One thing I still hold to is my post on discipline. I still feel that most schools lack proper discipline, and fail to act (or are constrained from acting forcefully) when something happens. That still needs to change.
In the course of my career, I've been spit on, cursed out, had a marble fired at my head from a sling shot, and been shoved by a student who sneaked up behind me and tried to knock me down. You might infer from this, if you knew little about NYC schools, that I am a poor disciplinarian. You'd be wrong. Just about every teacher who has worked in what is euphemistically called a "challenging" school has similar tales to tell. To be fair, all the above incidents took place at my previous school, which was hardly a nirvana.
My tenure in my current school, which is much less "challenging", has been highly uneventful from a discipline standpoint. In all my years here, I have never so much as sent a child to the dean. Not once. Until today.
This boy started school about a week late because he was still serving the suspension dished out to him last year. He'd been mostly manageable until today, when he got annoyed because I wouldn't let him do something he wanted to do (I'll let you speculate on the details). In any case, after I walked away from him, he got up and got in my face, not once, but twice. He was trying to physically intimidate me (which is impossible because I am a rather big guy and the only thing the student would have accomplished, had he tried to hit me, would be a sore hand). He chose not to take a swing, but walked out of my room.
So what was the upshot? He's being removed from my class for a few days. He'll sit in the suspension room while I am teaching his class, and then he'll be returned to his regular classes as if nothing had happened.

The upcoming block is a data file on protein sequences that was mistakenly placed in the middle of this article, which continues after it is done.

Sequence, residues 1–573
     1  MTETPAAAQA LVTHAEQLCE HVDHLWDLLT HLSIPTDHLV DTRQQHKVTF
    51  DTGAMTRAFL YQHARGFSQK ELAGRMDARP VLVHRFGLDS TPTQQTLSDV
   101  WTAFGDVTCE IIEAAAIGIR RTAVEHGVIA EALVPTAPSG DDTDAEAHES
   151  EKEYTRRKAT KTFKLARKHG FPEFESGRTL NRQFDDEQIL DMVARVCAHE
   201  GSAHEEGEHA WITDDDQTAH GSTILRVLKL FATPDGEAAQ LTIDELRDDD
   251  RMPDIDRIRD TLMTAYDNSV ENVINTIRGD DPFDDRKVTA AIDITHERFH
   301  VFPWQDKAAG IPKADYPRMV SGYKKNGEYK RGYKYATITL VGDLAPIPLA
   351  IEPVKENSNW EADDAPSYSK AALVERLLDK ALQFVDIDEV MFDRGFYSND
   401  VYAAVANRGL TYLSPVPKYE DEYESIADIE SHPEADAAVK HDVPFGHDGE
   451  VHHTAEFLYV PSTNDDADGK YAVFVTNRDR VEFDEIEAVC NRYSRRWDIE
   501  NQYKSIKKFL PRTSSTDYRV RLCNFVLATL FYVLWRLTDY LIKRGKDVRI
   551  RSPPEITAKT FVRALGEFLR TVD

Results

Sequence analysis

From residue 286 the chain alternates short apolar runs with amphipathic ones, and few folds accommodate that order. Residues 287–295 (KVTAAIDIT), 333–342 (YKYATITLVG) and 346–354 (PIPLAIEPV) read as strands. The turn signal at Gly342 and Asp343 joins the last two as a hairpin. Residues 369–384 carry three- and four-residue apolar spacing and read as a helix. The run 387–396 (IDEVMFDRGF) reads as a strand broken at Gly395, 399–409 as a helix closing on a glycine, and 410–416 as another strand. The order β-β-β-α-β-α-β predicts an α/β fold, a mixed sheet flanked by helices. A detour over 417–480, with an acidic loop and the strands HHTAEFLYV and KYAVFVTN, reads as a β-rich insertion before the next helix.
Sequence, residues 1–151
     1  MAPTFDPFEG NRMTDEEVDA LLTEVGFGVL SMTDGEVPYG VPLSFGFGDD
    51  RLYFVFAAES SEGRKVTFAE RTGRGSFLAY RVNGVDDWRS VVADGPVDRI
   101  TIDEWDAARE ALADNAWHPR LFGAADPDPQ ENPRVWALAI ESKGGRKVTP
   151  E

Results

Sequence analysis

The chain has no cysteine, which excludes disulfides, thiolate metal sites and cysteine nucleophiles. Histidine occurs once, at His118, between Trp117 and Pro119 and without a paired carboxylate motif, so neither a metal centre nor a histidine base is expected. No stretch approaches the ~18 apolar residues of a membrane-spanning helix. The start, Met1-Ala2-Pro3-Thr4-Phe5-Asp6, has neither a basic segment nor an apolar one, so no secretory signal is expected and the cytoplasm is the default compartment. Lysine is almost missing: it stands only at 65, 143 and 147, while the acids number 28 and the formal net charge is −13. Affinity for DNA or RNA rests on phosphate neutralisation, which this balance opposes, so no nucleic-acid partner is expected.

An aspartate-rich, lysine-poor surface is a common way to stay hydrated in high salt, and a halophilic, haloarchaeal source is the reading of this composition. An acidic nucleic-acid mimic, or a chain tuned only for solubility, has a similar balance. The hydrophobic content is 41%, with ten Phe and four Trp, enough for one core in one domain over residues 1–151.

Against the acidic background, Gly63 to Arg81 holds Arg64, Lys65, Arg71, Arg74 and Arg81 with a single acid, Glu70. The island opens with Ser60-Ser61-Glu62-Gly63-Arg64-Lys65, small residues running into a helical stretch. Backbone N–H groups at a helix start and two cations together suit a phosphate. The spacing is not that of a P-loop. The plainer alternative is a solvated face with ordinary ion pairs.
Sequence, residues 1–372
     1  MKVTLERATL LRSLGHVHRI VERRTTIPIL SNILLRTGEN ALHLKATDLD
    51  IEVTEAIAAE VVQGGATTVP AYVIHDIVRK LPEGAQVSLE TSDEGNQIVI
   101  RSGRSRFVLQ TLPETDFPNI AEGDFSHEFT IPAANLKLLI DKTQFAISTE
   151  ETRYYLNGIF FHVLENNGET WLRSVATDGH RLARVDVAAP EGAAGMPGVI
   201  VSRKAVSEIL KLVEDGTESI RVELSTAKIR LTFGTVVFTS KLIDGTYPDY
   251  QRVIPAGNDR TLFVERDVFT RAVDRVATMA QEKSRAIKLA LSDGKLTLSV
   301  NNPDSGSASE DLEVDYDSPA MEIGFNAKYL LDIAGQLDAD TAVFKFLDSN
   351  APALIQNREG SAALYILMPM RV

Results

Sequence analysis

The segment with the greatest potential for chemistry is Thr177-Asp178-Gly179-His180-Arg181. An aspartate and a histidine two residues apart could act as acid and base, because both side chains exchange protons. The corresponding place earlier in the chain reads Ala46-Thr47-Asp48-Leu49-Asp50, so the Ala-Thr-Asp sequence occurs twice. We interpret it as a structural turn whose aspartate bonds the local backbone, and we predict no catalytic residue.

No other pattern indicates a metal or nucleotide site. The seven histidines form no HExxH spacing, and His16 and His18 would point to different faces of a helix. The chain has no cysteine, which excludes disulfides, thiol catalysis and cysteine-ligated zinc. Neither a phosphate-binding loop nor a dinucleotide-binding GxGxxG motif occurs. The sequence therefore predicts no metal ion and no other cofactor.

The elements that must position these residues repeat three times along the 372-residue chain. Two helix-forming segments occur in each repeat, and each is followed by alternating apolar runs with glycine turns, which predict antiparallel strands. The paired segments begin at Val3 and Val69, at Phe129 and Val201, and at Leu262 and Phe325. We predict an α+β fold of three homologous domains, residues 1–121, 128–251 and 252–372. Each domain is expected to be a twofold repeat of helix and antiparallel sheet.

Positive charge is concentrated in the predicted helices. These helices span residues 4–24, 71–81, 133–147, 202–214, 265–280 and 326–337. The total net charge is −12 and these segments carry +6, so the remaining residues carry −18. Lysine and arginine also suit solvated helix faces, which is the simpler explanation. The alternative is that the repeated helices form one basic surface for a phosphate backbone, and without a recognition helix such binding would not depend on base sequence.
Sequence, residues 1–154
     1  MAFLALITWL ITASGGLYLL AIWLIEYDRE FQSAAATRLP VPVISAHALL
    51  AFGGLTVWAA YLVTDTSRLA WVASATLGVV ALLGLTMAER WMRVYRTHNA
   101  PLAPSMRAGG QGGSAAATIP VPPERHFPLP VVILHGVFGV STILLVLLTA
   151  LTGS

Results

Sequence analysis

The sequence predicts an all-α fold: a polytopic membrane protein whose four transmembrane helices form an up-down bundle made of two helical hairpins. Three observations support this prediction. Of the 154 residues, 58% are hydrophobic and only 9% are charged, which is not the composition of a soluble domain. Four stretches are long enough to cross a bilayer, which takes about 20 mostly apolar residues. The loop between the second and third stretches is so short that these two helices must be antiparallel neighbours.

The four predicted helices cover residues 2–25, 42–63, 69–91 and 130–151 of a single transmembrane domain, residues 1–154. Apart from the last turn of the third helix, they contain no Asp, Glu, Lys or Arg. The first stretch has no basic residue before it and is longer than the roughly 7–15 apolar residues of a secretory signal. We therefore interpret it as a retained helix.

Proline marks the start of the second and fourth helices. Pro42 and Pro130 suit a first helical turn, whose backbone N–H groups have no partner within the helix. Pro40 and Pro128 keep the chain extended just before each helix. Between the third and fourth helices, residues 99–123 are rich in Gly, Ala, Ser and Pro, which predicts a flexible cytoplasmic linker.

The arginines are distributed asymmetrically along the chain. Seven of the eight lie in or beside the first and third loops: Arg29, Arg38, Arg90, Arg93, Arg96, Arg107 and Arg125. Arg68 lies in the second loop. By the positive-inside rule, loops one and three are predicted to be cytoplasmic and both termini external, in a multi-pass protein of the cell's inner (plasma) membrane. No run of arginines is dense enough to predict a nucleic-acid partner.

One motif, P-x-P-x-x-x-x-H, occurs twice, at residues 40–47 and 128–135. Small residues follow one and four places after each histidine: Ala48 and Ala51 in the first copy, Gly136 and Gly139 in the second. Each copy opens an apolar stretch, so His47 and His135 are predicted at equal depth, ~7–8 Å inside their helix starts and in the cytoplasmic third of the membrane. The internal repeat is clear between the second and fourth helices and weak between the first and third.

I, on the other hand, had to spend an entire period writing the incident up and talking to the dean and principal. Then, because this child was suspended from my class, I had to spend another period submitting work that he will undoubtedly not do while he is suspended from my class. From the way things turned out, you would think I was the guilty party, because I am the only one suffering any consequences.
I know full well that there are many of you out there who suffer the same and worse on a daily basis, so please know that I fully sympathize. It's impossible to teach effectively when you are being physically threatened, or when one child holds a class hostage to his or her recalcitrance.
Bloomberg will claim that he's made schools safer but teachers know that is nonsense. What he's done is made suspensions part of a school's report card grade so principals are often loath to report anything but the most serious infractions. Rather than help clean up the schools, he's swept problems under the rug.
Is it really any wonder that half of all teachers leave within 5 years? In bad schools, it's a wonder anyone stays five minutes. Does anyone really believe that education will improve when we're doing nothing to ensure that the vast majority of students, who come to school to learn, are shielded from the antics of those children who just don't give a damn and who can act out with impunity?
Last week, I blogged about my own ambivalence about leaving the school system now that I can retire at the end of the year (or sooner, if I wish). Perhaps by the end of the year I'll be thanking this student for edging me towards the door. I'd almost made up my mind to stay another year, but I'll be rethinking that now.
I've been able to deal with the paperwork hassle, the evaluation hassle, and just about everything else thrown my way. I'm not sure I want to deal with another discipline hassle.
Sorry for venting. If anyone wants to vent in the comments, I promise to read them.